Amid the ongoing Fourth Industrial Revolution, Vietnam has made big strides in developing its e-government in service of enterprises and the public.
The Government Office last week launched another six public services on the national public service portal, raising the number of such services offered to society to 725.
These new online services are on notarisation, voluntary social insurance, extension of medical insurance cards for households, granting new driving licences, changing driving licences, and payment of fines for traffic violations, estimated to help the state to save about VND1.69 trillion ($73.47 million) per year.
For example, individuals and enterprises can access the portal to self-process their documents and certificates to have them notarised in a wink, with a digital signature and sharp accuracy on the notarised electric copies.
“This platform has been able to completely remove the situation that people and enterprises have to submit paper-based documents to authorised agencies,” said a representative from the Ministry of Justice. “Under the ministry’s statistics, in 2019, the number of notarised copies was more than 102 million. If only 30 per cent of this are processed online, we can save VND428.4 billion ($18.63 million) per year.”
In another case, regarding payment of fines of traffic violations online, Do Thanh Binh, vice head of the Ministry of Public Security’s Department of Traffic Police, reported that last year, traffic police punished over 1.6 million violators. Each violation must be completed through three procedures in a complicated process.
“Also, if the payment of traffic violation is conducted online, it will be made transparent, while helping the state save money,” Binh said.
While launching the six new public services on the portal, Minister, Chairman of the Government Office Mai Tien Dung received hundreds of calls and messages from the public and enterprises, hailing the government’s efforts to help them process all administrative procedures online.
“There have been big strides in the government’s journey to build up an e-government,” Dung said.
The Government Office reported that the government has succeessfully developed and launched the national public service portal in late 2019, which “has recently been integrated with 18 ministries and central agencies, all 63 cities and provinces, 12 state-run groups, and corporations, and banks.”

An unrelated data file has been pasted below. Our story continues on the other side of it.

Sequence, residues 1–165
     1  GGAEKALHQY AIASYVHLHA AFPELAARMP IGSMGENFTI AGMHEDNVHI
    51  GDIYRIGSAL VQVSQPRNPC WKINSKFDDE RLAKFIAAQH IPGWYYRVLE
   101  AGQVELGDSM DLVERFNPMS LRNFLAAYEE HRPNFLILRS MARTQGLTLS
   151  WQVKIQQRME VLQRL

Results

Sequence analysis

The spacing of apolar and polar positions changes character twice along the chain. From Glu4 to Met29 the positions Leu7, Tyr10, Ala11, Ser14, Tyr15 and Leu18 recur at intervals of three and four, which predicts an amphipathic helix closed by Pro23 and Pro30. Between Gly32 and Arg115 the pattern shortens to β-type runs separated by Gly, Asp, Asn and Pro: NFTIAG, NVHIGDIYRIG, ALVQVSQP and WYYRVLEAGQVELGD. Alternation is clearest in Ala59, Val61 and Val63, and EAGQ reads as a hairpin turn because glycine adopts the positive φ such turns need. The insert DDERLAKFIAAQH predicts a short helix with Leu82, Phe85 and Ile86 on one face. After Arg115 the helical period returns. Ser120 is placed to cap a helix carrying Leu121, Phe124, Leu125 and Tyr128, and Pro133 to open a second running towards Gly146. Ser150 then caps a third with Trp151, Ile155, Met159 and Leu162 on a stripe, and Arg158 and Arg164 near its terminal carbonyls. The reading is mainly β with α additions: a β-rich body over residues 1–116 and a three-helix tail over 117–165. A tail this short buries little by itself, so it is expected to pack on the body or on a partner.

As of June 28, over 178,000 accounts were registered at the portal, which was also accessed by over 46.3 million visitors. The portal also offered 10.5 million dossiers for search. Over 151,000 dossiers have been processed via the portal, including 889 from firms asking for support in seeking loans to pay salaries for employees.
“Since March, on average, each month sees more than 32,000 accounts registered and 7.7 million visitors at the portal,” Dung stated. “The quantity of online public services available on the portal has skyrocketed by 90 times against late 2019 and 4.5 times against March. Each day the portal receives more than 2,000 dossiers.”
Vietnam currently ranks 88th out of 193 nations in e-government development, a rank that can improve if the government knows how to tap into the potential of its internet usage, according to the UN Department of Economic and Social Affairs.
According to experts, with its potential, it is necessary for Vietnam now to build Industry 4.0 technology and related infrastructure, data security, and an e-government that will help increase efficiencies as well as foster the faster adoption of Industry 4.0 technologies.
Last year the Vietnamese government also launched an electronic system used for the government’s cabinet meetings and work settlement. The system, known as e-Cabinet, is considered an important step for the government to create a new-look administration and hit its prime target of establishing an e-government.
The e-Cabinet helps the government reduce 30 per cent of meeting time compared to the previous meetings by late 2019. The e-Cabinet can save VND1.2 trillion ($52.17 million) per year in stationery, deliveries, and other expenses.
“The e-Cabinet will efficiently support the government in conducting its meetings as it embraces all necessary functions, such as updating, managing, and storing dossiers and documents, as well as managing the meetings’ processes – from participants, agenda, speeches, discussion, feedback, document amendments, and voting with digital signatures,” Dung said. VIR
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